Dengue virus antibodies in blood donors from an endemic area

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Abstract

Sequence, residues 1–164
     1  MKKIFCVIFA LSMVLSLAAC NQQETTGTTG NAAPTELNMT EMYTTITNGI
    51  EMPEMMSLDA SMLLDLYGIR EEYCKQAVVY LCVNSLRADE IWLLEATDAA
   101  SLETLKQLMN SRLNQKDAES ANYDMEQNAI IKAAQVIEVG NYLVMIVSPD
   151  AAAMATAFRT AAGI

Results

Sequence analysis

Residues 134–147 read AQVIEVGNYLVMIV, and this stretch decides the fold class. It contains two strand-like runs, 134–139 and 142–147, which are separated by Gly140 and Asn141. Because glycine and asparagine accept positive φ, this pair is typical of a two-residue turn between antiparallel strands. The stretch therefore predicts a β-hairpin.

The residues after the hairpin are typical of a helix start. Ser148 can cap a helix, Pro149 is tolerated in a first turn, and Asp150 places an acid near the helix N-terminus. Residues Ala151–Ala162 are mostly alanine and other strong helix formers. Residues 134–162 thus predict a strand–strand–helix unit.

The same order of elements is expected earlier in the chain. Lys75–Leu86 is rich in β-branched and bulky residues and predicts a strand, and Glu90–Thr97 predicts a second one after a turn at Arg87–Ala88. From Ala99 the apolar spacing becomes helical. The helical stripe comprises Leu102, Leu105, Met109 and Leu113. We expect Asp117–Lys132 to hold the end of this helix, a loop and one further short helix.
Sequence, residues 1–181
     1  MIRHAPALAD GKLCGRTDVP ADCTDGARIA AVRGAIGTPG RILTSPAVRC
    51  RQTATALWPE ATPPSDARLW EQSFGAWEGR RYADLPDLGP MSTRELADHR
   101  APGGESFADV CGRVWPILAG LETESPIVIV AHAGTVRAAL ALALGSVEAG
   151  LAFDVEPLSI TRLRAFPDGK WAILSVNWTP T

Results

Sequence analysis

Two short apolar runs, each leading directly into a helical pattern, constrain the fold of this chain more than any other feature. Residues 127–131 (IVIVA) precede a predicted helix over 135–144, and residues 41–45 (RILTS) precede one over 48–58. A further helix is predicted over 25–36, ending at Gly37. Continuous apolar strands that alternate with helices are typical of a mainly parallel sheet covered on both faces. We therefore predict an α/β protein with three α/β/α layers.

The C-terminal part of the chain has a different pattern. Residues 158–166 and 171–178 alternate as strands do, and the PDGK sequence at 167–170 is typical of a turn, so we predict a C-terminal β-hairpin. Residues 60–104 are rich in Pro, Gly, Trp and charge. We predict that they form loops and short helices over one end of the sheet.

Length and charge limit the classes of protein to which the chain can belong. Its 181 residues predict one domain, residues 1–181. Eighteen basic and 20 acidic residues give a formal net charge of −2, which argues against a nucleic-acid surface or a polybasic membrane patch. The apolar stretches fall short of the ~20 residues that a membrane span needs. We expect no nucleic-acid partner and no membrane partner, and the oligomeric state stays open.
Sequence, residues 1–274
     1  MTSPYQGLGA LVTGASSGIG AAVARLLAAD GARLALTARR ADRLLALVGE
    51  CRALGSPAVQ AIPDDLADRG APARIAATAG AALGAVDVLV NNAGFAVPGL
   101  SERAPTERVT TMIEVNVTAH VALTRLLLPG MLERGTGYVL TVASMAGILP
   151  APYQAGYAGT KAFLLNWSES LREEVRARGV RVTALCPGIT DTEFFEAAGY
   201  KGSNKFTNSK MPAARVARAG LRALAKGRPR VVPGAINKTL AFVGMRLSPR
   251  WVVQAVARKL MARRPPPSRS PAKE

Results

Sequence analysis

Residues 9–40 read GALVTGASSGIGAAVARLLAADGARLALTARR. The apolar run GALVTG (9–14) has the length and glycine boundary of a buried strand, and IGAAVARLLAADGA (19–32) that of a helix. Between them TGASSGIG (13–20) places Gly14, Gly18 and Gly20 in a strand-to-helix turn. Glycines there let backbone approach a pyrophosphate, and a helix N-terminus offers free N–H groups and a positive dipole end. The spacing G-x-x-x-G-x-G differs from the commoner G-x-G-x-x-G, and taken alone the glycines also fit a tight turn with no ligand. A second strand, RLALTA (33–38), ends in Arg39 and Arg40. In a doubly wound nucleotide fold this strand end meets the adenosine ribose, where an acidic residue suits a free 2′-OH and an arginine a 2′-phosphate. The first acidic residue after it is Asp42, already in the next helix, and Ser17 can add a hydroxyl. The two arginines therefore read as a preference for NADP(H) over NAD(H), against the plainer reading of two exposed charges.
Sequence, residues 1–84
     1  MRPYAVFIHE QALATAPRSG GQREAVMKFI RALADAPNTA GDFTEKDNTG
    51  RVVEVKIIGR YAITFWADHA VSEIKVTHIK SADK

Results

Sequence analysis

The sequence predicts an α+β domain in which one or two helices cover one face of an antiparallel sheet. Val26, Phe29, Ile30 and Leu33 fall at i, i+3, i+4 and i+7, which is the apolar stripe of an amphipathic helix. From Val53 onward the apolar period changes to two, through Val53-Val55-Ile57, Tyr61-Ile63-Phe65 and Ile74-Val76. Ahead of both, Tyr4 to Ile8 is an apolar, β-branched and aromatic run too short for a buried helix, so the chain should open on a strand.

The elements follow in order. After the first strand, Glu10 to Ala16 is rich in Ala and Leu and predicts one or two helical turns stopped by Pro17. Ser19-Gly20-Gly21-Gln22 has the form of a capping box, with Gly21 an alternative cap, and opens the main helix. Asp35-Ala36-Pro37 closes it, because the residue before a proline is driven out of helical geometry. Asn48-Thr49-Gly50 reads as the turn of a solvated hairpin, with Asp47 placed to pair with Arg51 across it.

We evaluated the incidence of anti-Dengue virus (DENV) antibodies and dengue viremia in a region of Mexico with a high prevalence of dengue. DENV is the most important arthropod-borne virus in terms of human morbidity and mortality in America We tested 800 blood donors from a tertiary care teaching hospital that provides care in Northeast Mexico, to identify anti-DENV IgM and IgG antibodies by enzyme-linked immunosorbent assay (ELISA) and DENV genome by reverse transcription polymerase chain reaction (RT-PCR). In addition, routine tests for donors including Brucella, Hepatitis C virus (HCV), Venereal Disease Research Laboratory (VDRL), HIV-1 and HBsAg identification were performed. We found that 59% of donors were reactive for anti-DENV IgG and none of them had reported recent DENV infection; however, 16 (2%) were reactive for anti-DENV IgM antibodies. None of them were viremic at the time of donation. Routine tests showed that the prevalence of anti-Brucella was 0.71%, anti-HCV 0.71%, anti-HIV-1-2 0.14%, HBsAg 0.14% and VDRL test 0.57%. Although DENV transmission by blood transfusion had not been confirmed in Mexico, the finding of a high prevalence of anti-DENV IgM-positive donors with asymptomatic manifestations and the recent viremia reported in blood donors suggests that this route of transmission might be possible.

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